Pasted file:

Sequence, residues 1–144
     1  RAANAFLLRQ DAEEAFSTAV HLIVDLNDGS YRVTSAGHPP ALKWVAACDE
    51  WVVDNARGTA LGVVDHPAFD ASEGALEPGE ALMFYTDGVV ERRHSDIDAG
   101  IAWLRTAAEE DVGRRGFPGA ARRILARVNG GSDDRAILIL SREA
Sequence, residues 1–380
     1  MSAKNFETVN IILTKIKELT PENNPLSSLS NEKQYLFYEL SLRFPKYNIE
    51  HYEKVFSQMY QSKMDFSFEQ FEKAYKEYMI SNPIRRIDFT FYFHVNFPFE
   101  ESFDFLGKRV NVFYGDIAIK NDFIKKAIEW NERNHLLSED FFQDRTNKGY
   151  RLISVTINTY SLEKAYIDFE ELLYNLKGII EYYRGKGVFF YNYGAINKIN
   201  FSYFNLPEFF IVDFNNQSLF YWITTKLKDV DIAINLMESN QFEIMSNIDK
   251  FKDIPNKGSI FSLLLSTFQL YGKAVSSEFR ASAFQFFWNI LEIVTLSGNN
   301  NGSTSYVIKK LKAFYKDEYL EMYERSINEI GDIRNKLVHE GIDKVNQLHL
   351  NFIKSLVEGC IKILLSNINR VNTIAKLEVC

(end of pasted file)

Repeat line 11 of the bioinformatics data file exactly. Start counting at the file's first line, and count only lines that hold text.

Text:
   251  FKDIPNKGSI FSLLLSTFQL YGKAVSSEFR ASAFQFFWNI LEIVTLSGNN